Welcome back, friends! As we get into 2024, let’s dive into an important conversation about resuming exercise after a break, whether due to pregnancy, postpartum recovery, or simply the busyness of life. 

In this blog we’ll explore common concerns around pelvic floor symptoms during workouts and provide tips on a gradual and tailored return to exercise.

First, acknowledge your symptoms! 

Acknowledging your pelvic floor symptoms during exercise is key. This could be things like leaking, feeling heaviness from prolapse, pelvic pain – whatever your symptoms, we want to recognize them instead of dismissing them as acceptable norms. However, we don’t need to avoid exercise entirely due to fear of symptoms, either. Instead, a middle ground with a personalized pelvic floor plan is recommended! 

Understanding Individual Goals:

What is your current fitness level and what are your goals? It’s important to keep this in mind, as an exercise plan for someone who wants to keep things low impact, and those who want to start running, for example, will be different. We want you to be successful, so creating a sustainable plan is key. 

There are varied motivations behind exercising—whether for mental health, cardiovascular benefits, building muscle strength, or aesthetic reasons. What is it for you? This is important because different exercise approaches exist based on these goals.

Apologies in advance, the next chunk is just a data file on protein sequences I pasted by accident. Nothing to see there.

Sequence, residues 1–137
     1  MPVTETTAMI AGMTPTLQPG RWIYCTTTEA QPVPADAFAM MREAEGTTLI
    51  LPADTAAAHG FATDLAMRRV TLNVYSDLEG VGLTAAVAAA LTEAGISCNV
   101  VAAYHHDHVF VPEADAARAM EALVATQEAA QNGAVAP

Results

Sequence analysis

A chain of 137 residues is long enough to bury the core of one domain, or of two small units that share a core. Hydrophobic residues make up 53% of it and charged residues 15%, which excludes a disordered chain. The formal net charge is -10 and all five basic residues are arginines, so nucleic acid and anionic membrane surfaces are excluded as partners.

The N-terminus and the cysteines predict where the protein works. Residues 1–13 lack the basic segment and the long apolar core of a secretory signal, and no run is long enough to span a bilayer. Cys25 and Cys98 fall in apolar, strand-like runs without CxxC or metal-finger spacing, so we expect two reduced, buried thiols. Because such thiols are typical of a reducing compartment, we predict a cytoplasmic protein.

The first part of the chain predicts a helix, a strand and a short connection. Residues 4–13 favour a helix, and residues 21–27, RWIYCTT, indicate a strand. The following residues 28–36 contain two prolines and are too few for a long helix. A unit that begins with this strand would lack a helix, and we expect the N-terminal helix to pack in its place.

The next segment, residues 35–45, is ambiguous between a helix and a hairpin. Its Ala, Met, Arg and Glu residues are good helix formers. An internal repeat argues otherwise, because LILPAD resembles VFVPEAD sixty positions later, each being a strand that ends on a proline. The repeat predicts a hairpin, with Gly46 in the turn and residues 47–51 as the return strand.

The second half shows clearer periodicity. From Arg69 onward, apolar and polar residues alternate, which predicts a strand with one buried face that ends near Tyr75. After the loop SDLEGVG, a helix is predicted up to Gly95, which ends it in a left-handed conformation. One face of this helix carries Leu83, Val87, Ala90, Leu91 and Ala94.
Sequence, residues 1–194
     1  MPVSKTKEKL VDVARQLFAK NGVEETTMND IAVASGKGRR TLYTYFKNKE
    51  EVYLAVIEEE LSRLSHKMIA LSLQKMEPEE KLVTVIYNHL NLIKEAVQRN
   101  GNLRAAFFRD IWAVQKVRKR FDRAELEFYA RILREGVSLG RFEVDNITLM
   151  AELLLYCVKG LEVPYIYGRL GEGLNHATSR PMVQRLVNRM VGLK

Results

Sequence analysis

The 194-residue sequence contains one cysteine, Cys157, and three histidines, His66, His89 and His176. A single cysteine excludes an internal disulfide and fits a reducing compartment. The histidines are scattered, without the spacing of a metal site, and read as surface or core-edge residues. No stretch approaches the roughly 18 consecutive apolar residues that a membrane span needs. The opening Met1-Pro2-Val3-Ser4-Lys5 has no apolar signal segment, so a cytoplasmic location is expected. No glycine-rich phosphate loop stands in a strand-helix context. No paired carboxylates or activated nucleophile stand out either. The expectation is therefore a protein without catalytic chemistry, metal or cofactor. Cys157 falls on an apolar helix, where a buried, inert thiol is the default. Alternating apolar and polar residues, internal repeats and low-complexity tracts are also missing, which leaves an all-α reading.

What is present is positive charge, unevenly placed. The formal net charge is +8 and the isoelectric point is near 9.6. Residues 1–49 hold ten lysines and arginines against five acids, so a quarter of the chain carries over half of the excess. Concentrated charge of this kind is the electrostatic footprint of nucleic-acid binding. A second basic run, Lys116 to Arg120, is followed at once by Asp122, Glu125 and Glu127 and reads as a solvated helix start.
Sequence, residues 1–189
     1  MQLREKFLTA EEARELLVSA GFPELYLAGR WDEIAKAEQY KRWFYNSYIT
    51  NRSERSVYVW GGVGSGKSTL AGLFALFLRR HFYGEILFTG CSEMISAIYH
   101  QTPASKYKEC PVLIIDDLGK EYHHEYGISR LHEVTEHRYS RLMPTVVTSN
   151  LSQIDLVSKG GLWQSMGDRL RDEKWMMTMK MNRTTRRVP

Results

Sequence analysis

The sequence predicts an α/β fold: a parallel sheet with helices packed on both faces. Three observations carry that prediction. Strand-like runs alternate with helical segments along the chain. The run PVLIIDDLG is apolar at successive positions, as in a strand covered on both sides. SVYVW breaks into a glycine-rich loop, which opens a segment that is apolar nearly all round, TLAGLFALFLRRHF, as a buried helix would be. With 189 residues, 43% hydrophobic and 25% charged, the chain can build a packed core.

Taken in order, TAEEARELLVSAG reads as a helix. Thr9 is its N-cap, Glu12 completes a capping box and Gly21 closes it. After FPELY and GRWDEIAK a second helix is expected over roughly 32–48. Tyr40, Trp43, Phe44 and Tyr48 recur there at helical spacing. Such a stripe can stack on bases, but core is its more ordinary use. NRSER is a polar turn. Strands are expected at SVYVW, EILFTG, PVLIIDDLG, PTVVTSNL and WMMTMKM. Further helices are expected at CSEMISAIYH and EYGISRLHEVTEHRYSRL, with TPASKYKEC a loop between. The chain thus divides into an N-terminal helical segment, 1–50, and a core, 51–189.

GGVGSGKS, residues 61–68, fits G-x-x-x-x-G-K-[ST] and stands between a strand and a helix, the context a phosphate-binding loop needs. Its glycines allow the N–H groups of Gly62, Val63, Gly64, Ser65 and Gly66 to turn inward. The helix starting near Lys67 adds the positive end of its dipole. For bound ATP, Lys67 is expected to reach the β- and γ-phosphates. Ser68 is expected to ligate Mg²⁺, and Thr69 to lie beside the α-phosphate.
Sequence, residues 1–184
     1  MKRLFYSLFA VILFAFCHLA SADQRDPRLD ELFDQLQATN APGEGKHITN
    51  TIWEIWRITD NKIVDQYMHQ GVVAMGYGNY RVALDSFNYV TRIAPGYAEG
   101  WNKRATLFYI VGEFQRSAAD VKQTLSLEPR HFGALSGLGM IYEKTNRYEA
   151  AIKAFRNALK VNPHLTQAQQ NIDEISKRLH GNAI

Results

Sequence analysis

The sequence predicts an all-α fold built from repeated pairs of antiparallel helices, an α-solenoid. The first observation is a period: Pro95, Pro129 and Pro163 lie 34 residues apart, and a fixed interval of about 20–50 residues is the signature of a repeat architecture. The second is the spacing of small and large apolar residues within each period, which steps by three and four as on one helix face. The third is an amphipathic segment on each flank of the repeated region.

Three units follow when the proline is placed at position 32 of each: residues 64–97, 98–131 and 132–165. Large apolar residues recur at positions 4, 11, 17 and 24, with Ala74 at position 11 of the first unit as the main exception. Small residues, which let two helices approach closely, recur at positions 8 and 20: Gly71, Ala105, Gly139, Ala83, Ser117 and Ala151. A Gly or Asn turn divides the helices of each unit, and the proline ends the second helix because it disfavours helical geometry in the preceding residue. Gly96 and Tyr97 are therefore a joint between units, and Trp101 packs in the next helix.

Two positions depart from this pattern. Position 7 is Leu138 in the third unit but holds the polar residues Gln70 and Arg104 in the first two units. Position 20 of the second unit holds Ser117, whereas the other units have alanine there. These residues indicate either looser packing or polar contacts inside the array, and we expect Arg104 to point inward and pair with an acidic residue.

Gradual Return to Exercise:

Enthusiastic January resolutions often trap people into committing to daily, intense workouts. We caution against high volume, intensity, and frequency, which can lead to worsening pelvic floor symptoms and burn out. 

Instead, we advocate for a gradual return, especially considering the unique needs of those with pelvic floor symptoms. The goal is to be able to exercise sustainably without the up and down roller coaster of starting and stopping. 


When you’re returning to exercise after a break, especially if you are experiencing pelvic floor symptoms or prolapse, you want to: 

-Assess your goals 

-Acknowledge your pelvic floor symptoms. Don’t sweep them under the rug OR be too scared to exercise at all because of them (Reach out for 1:1 support if needed)

-Create a well rounded exercise plan that provides both cardiovascular and strength training (this will aid in bone health as well!) 

-Don’t overdo it! A gradual return isn’t exciting, per say, but you’ll be much more likely to continue long term if you start on a sustainable course. 

P.S. If your plan IS to start running, specifically postpartum, you won’t want to miss our Return To Running Guide! This is a 12 week plan that keeps your pelvic floor in mind. You can find more information about it HERE

Hope this helps!

Katie Kelly, Physiotherapist & Eryn Matheson, Physiotherapist

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